Friendliness favoured over skill in teammates

Those who are trustworthy are more likely to be chosen for group work, research reveals

People who are friendly and trustworthy are more likely to be picked for teams than those who are only known for being skillful, a study has found. Academics at New York-based Binghamton University School of Management studied 87 full-time, final-year MBA students, and randomly placed them into 20 teams. They were assigned a project to work on and, at the end of term, students were asked to form their own teams.

Researchers measured the students’ human capital (their ability to perform tasks well) and their social capital (their ability to work together).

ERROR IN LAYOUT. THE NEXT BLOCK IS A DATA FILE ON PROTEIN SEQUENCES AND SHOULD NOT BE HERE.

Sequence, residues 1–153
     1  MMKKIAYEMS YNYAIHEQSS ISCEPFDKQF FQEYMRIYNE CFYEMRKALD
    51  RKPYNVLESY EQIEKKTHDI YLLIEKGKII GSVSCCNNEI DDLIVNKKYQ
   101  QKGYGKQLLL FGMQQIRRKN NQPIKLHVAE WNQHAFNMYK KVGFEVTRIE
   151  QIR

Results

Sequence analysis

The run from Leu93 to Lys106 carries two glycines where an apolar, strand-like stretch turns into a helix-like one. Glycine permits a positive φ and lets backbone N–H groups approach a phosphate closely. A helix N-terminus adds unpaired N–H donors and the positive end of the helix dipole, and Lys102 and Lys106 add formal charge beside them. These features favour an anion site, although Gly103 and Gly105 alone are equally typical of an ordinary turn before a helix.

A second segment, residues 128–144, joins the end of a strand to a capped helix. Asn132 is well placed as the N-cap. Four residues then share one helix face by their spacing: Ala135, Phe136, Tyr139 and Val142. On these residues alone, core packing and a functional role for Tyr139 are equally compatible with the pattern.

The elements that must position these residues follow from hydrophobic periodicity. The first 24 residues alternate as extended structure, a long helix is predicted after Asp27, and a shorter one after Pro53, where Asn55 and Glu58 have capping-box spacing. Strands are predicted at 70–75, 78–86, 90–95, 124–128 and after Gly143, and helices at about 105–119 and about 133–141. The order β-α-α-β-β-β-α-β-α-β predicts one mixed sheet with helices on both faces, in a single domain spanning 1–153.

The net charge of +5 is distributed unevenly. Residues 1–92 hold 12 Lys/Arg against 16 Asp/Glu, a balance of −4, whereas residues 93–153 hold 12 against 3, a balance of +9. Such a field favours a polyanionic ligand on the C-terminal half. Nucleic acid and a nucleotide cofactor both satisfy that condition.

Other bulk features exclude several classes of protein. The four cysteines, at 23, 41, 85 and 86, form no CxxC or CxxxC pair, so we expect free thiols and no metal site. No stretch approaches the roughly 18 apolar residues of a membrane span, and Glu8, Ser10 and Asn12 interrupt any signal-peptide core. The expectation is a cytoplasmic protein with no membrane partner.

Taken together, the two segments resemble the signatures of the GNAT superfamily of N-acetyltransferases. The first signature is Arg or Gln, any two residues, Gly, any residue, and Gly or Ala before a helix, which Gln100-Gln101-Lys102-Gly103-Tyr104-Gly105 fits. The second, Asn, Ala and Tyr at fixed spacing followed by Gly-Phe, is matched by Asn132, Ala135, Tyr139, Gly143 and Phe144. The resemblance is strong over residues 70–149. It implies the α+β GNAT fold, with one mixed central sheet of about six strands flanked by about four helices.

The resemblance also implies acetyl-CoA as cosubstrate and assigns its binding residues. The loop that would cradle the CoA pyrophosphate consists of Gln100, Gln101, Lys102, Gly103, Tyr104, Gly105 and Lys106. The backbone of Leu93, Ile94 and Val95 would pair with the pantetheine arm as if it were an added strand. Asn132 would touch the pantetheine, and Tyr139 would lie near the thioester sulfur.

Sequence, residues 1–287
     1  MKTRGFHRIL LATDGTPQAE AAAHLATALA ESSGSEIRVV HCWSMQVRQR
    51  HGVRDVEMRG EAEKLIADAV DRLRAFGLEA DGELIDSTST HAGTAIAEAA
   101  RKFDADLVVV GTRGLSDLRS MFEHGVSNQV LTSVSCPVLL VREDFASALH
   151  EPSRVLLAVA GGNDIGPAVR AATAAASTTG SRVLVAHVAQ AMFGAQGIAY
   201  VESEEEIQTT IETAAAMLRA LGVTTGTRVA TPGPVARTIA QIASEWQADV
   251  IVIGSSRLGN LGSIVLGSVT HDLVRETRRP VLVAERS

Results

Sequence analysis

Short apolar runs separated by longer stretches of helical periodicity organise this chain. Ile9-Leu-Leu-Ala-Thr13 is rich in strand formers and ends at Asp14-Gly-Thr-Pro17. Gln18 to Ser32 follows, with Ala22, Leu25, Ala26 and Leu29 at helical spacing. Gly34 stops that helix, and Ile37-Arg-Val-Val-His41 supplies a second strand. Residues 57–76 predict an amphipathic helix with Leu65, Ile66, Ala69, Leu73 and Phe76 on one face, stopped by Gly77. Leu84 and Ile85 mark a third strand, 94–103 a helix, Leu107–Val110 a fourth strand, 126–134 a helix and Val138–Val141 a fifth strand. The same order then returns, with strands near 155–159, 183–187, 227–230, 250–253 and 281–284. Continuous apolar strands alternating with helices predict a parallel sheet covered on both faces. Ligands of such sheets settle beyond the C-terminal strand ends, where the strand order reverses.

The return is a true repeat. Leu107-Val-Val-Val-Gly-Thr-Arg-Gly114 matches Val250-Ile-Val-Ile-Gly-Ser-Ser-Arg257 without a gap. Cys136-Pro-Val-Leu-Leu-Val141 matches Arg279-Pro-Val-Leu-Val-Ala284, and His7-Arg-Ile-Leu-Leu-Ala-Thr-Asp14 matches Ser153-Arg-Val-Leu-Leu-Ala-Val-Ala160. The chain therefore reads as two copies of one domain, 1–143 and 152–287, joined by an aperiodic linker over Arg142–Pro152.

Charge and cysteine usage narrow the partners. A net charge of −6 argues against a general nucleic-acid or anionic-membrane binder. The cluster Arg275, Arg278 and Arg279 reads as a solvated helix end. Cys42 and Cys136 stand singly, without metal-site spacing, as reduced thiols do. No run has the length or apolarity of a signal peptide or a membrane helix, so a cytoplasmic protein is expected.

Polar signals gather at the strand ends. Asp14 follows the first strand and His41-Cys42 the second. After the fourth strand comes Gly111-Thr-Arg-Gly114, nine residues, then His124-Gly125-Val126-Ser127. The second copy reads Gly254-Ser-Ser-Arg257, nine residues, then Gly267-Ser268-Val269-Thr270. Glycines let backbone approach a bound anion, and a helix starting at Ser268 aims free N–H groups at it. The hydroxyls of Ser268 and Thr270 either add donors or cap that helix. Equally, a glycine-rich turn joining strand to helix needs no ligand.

Academics found that students with high levels of trustworthiness and competence were the most in demand. However, those with trustworthiness were more sought after than those with high skill competency. 

Cynthia Maupin, assistant professor of organisational behaviour and leadership, said the findings show people may sacrifice competency in order to have a cohesive team: “When people feel like they can trust you, even if you’re not necessarily the best worker, they’re going to be more likely to want to work with you.”